Joan Aiken: The Teeth of the Gale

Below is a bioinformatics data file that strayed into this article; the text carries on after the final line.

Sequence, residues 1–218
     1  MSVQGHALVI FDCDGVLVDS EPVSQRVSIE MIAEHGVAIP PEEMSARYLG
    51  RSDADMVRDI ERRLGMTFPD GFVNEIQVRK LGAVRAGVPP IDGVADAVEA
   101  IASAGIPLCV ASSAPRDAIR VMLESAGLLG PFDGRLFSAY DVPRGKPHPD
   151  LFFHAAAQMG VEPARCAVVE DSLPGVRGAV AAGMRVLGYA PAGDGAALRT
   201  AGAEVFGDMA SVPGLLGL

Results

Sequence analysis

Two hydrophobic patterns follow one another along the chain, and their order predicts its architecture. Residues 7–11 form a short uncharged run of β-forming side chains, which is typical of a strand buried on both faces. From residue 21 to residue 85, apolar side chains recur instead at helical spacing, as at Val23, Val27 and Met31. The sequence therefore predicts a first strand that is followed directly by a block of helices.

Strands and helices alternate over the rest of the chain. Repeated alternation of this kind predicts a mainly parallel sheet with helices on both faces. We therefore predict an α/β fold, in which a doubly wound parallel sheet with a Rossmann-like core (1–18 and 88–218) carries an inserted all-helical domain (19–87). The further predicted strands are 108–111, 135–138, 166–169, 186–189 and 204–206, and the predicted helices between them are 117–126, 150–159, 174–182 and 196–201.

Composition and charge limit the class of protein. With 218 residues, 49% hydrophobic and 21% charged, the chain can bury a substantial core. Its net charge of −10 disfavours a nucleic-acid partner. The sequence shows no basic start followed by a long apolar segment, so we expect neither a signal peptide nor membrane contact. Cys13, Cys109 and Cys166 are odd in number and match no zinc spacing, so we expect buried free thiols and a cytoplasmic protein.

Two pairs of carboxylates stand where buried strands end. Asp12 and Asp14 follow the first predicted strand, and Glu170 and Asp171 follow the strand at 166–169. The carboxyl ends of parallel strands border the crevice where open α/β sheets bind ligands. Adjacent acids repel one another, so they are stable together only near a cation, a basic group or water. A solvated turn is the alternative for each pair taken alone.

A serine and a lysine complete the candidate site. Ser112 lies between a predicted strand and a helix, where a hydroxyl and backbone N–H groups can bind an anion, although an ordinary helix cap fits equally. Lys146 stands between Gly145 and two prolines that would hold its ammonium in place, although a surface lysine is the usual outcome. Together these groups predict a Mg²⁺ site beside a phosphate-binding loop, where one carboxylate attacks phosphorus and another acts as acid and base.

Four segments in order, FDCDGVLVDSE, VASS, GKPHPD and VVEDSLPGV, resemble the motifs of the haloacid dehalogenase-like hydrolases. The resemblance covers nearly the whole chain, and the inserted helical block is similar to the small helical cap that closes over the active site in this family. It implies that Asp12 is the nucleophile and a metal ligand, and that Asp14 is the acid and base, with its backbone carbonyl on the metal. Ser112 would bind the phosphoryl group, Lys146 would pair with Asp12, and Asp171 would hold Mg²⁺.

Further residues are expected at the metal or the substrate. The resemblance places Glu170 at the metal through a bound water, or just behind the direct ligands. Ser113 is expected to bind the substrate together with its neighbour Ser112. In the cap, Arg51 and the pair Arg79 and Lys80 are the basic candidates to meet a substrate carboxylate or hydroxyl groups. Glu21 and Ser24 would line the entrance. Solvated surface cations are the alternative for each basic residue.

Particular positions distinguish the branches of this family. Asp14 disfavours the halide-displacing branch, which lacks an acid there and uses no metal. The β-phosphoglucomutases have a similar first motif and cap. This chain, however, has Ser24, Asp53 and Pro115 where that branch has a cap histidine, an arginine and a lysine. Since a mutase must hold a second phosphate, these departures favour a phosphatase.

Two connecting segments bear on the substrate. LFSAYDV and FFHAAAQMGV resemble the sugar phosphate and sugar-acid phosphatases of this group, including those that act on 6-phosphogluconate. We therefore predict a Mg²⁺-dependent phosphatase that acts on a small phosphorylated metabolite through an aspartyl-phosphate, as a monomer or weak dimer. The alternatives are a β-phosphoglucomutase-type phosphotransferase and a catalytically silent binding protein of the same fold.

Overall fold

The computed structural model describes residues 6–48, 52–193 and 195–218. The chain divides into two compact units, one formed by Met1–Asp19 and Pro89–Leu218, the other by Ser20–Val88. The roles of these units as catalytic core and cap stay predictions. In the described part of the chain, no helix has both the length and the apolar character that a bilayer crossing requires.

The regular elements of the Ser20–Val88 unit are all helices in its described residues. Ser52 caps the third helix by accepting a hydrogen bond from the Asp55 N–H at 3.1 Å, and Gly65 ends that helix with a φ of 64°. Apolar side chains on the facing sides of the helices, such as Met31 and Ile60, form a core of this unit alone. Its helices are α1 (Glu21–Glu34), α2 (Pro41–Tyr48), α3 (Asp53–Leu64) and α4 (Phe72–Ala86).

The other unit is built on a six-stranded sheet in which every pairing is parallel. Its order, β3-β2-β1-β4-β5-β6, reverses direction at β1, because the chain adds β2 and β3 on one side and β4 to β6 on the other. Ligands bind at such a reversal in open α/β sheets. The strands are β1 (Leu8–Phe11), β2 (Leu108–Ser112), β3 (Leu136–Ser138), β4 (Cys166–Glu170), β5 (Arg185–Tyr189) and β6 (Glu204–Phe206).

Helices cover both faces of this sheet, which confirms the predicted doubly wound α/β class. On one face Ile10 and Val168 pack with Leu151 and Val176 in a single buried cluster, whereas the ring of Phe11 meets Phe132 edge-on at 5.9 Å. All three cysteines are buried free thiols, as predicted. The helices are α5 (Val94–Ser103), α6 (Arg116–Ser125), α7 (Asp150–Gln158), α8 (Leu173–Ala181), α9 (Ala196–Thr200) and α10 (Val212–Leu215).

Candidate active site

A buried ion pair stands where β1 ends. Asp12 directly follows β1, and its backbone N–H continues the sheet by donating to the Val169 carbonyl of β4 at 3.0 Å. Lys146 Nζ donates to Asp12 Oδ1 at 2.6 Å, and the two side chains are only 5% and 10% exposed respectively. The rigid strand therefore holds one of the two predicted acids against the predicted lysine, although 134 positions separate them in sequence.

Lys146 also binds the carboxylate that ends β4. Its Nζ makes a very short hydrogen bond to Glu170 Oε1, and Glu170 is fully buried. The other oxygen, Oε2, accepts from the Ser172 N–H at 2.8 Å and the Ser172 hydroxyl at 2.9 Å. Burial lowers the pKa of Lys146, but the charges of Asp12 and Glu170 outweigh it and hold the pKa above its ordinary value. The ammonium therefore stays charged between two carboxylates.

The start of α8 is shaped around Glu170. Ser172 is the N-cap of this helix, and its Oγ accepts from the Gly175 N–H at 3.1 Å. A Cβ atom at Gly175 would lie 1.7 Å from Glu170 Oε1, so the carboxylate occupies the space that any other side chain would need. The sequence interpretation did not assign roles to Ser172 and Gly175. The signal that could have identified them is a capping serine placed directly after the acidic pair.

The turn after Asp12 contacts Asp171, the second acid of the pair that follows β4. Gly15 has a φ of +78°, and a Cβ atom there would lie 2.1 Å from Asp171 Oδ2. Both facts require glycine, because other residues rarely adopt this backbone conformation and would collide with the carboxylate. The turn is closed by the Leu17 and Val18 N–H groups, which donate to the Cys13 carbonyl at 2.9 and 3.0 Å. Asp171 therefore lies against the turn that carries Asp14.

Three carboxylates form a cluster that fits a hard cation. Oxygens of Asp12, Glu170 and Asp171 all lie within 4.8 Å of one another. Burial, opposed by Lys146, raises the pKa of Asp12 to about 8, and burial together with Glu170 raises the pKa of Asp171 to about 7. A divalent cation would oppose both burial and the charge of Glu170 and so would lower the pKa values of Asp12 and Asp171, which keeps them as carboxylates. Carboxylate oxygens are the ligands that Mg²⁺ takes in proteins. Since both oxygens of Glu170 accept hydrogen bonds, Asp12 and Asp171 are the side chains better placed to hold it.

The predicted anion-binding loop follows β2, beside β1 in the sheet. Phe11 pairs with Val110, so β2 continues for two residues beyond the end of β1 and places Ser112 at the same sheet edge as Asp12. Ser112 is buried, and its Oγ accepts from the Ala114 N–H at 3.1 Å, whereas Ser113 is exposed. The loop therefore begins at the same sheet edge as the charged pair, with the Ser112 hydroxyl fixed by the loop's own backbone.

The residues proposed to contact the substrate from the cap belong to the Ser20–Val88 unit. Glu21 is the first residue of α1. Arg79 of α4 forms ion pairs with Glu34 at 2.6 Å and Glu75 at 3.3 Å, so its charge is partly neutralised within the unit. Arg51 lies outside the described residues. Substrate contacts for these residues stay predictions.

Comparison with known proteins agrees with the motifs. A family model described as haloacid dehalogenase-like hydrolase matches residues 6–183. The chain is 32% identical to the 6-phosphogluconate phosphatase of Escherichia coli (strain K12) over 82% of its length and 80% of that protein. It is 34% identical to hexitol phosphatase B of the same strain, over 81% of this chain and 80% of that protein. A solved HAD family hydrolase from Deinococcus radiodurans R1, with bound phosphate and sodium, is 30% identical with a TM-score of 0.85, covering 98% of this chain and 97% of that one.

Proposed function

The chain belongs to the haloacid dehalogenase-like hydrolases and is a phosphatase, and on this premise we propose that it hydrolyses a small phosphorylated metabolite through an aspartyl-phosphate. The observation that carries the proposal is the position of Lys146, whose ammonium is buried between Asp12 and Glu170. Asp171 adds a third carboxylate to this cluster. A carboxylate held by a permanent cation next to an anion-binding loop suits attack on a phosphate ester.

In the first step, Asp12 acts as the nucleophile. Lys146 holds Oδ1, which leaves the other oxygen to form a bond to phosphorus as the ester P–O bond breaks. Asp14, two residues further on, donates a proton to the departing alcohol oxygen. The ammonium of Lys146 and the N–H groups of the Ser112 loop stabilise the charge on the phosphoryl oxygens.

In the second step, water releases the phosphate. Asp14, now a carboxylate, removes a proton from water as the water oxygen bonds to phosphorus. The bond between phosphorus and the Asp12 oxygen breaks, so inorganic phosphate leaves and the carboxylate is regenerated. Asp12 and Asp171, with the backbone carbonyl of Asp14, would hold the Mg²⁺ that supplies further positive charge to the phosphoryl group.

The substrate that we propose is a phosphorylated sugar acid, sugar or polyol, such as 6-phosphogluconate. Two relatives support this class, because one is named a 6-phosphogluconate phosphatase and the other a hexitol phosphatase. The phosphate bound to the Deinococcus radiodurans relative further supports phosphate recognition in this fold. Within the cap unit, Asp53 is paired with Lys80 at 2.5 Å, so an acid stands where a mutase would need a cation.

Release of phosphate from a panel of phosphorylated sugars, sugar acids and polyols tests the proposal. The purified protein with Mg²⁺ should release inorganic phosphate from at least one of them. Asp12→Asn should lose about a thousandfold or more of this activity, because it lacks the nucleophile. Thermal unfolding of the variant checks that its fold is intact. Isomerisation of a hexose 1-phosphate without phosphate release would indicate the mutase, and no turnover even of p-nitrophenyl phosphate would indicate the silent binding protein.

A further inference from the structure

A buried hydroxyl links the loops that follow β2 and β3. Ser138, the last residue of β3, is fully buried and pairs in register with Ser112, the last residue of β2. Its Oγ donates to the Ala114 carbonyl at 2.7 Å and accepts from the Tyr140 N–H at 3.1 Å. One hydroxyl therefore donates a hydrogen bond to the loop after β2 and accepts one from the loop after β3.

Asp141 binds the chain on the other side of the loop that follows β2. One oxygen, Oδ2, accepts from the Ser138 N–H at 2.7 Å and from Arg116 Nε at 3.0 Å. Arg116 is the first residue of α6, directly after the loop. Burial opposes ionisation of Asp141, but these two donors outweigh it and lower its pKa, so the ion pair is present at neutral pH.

Who is not over familiar with this part of the world or is halting in the language the colour she brings to her setting and plot seem authentic nough and though we know this is fiction it has Second Time Loving enough plausibility for the reader to believe it could almost be true And perhaps in a final nod to Jane Austen s Northanger Abbey which Go Saddle the Sea referenced the climax of the tale is set in a ruined castle much as Catherine Morland imagined it What is it really a castle an old castle The oldest in the kingdom But is it like what one reads of Exactly the very same But now really are there towers and long galleries By dozens Familiar from most of Joan Aiken s fiction is the delight a mature reader may garner from all the little period details that could pass by a younger or lessxperienced reader the flavour of 19th century writing the use of Spanish terms and phrases the references to local history and topography the ordinariness of much of the veryday vents which renders the Dark Awakening extraordinary when it happens less incredible She also does not avoid the reality of unhappiness and death by shielding the target audience from theirxistence so be warned some characters you might invest Hawks Way (Hawks Way empathy in do not survive In common with her whimsical tales such as the Dido Twite novels or the fairytale short stories there are recurring motifs such as death by falling from a great height but unlike say Bridle the Wind there is little magic realism Aiken here preferring to simply narrate anxciting tale of adventure and derring doIt s Family Men evident that Aiken was keen to resolve some of the loosends left dangling at the close of Bridle the Wind Creative Participation especially whether Felix manages to re connect with Juana It s not a modern romance and Aiken doesn t choose to sugar coat the relationship it s not as unresolved though as the situation in the Wolves of Willoughby Chase seuence where we are left to wonder if Dido and Simon marry If not as strong a work then as the previous two in the trilogy there is still much tonjoy and if the mark of a good novel is that it is worth reading again I shall certainly be keeping The Teeth of the Gale on my shelves for a re visit along with the others in the trilogy Charles Kingsley also refused to unite Tom and Ellie in nuptial bliss in The Water Babies on rather spurious grounds And of course Tom married Ellie My dear child what a silly notion Don t you know that no one ver marries in a fairy tale under the rank of a prince or a princess. His rescue party is being followed and Felix fears he and the children are being led into a tra.